Because their tax rate is higher in retirement than when they contributed, this investor is 12.5% worse off by choosing to invest in their RRSP instead of their TFSA. This amounts to an effective loss of $8,561 compared to simply investing in their TFSA.
TFSA vs RRSP: Income Level Comparison
With our investigation into marginal tax rates in mind, let’s dig into which account is generally better for Canadians at different income levels.
Low-Income Earners: Prioritize TFSA Over RRSP
The simple answer for low-income Canadians is that it’s always better to contribute to a TFSA instead of an RRSP. That’s because their marginal tax rate in retirement is often the same or higher than in their working years. CPP, OAS, and GIS all count as taxable income in retirement. These income sources often push low-income Canadians into a higher tax bracket than when they were working.
If your income is low enough that you’re not paying income tax, contributing to an RRSP will not yield any tax refund at all. Instead, contributing to a TFSA – where your money can grow tax-free and not be subject to income tax in retirement – is superior to contributing to an RRSP.
Middle-Income Earners: TFSA and RRSP
If your income is moderate, the best strategy is to contribute to your RRSP until your marginal tax rate is the same as your expected rate in retirement. Any additional contribution would be better invested in your TFSA. If you’d like to make additional contributions and your TFSA is full, contribute that money to your RRSP. The benefit may be reduced if your marginal tax rate falls below your rate in retirement. However, the benefit of tax-deferred and tax-sheltered growth is almost always superior to investing in a taxable account.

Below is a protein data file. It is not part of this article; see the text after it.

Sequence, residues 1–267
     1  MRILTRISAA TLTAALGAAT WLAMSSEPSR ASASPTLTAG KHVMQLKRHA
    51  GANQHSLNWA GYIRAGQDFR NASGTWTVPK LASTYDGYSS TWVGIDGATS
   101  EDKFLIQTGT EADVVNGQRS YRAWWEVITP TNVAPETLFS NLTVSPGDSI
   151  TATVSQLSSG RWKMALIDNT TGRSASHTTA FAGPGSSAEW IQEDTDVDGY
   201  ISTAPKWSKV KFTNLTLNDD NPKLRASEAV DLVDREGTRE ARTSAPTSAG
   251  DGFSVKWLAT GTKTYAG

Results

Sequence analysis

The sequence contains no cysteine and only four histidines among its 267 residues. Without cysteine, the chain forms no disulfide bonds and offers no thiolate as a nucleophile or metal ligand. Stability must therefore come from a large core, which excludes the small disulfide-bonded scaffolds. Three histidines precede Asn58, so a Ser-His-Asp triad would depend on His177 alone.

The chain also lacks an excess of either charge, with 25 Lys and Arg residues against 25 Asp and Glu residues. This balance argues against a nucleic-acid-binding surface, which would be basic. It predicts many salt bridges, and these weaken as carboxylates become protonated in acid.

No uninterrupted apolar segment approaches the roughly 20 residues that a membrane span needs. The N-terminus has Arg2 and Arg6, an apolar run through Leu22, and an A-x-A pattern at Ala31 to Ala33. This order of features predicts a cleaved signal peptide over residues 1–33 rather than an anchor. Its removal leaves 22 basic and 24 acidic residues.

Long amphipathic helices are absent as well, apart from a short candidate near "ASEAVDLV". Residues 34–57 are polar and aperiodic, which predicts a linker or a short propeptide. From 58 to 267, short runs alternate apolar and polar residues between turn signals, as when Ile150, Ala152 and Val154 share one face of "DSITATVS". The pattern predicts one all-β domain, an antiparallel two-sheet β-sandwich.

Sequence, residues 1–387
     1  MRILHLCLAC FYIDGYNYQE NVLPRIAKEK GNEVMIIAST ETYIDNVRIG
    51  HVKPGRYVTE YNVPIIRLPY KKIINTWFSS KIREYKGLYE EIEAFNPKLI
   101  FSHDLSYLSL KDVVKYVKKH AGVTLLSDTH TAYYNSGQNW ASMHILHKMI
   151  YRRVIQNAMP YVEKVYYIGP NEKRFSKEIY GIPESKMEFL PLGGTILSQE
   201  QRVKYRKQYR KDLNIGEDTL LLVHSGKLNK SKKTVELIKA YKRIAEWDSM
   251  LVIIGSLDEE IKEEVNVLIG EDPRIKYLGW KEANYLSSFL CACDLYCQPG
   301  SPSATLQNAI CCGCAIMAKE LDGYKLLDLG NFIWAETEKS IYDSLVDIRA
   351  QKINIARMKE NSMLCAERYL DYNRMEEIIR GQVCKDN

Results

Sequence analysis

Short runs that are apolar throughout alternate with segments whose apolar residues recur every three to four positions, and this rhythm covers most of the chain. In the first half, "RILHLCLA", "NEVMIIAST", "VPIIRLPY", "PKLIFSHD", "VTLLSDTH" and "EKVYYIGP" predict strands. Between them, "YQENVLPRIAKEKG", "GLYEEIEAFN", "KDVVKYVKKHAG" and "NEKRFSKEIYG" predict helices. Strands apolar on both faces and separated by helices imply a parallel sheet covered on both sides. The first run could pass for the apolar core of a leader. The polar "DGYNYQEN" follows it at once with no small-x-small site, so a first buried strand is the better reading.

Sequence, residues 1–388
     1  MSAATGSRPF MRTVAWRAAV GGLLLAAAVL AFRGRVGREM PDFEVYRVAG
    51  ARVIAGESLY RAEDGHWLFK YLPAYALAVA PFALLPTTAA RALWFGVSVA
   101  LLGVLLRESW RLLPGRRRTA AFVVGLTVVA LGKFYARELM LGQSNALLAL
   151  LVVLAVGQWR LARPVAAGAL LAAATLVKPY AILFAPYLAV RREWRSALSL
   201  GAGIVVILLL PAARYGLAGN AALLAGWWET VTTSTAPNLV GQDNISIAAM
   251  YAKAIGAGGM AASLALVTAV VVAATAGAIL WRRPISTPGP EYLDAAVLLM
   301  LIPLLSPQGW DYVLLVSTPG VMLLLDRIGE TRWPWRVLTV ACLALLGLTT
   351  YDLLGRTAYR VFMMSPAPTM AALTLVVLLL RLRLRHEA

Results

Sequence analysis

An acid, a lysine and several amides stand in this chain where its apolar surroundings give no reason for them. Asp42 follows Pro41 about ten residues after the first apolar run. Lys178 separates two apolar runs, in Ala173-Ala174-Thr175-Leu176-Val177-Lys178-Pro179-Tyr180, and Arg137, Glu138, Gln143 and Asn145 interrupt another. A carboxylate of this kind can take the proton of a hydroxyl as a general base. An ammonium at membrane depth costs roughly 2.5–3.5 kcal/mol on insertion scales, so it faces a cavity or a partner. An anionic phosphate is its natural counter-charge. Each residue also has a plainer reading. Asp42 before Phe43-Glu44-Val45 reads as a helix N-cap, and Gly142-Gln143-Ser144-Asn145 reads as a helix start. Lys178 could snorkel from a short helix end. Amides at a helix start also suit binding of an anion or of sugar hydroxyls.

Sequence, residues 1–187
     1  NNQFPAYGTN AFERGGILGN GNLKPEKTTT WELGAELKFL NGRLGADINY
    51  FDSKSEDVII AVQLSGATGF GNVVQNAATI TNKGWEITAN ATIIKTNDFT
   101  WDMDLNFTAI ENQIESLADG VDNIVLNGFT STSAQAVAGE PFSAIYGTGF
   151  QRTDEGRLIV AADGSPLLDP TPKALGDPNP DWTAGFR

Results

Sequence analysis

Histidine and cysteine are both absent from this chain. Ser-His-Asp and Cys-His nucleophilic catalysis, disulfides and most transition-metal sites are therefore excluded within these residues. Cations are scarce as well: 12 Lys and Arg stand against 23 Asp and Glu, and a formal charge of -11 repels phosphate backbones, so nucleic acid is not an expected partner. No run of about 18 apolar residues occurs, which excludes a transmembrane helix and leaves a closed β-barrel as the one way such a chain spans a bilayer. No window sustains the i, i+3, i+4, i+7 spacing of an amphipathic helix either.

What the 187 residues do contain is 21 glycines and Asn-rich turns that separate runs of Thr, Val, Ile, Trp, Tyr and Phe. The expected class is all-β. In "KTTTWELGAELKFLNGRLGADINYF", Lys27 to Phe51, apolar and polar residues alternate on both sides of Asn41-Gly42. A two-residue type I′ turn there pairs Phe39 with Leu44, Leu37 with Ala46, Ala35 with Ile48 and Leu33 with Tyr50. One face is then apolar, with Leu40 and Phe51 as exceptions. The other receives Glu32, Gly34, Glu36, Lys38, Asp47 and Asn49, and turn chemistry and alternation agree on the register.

The answer is a little different if you expect that your working income will increase substantially in the future. In that case, the best strategy may be to contribute to your TFSA first. Later, once your marginal tax rate increases significantly, you could start contributing to your RRSP.
High-Income Earners: TFSA and RRSP
High-income Canadians are the best positioned to get the most benefit from their TFSA and RRSP accounts. The ideal strategy is to work on maxing your TFSA while also contributing enough to your RRSP each year to reduce your marginal tax rate to be close to your rate in retirement. Once your accounts are full, it’s best to continue maxing both accounts every year. That way you can take full advantage of tax-free and tax-deferred growth.